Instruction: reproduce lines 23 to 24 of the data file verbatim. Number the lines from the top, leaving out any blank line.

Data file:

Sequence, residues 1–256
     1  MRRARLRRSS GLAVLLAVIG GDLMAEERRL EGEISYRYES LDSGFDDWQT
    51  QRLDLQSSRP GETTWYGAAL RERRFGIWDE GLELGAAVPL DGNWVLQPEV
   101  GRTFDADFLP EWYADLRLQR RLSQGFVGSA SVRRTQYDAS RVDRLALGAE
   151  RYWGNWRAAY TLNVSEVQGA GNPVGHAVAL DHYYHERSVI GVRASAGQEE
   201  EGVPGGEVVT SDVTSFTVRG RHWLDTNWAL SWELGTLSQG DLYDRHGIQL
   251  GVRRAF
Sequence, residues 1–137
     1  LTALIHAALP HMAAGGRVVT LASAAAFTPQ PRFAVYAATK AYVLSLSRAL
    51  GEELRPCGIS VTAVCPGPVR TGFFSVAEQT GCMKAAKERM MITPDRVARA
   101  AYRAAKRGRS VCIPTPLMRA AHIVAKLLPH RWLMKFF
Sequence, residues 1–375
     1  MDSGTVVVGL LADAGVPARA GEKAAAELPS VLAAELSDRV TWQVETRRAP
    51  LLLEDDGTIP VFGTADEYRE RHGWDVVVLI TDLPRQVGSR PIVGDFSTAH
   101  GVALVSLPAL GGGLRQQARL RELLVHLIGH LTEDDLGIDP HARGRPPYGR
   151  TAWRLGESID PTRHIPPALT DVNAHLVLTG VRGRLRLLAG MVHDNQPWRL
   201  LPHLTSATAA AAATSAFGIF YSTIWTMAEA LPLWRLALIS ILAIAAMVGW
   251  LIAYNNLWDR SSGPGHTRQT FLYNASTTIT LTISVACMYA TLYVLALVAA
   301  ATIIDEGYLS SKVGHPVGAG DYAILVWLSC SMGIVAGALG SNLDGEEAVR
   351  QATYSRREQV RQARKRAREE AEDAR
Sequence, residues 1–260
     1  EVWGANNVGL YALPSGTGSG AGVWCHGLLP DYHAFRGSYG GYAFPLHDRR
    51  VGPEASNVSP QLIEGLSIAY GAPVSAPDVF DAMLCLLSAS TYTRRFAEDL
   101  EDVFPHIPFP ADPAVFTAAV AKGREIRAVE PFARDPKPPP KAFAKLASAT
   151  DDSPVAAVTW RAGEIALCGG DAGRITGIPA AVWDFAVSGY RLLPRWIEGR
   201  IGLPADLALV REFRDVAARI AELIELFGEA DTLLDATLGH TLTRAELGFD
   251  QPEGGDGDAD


    51  VGPEASNVSP QLIEGLSIAY GAPVSAPDVF DAMLCLLSAS TYTRRFAEDL
   101  EDVFPHIPFP ADPAVFTAAV AKGREIRAVE PFARDPKPPP KAFAKLASAT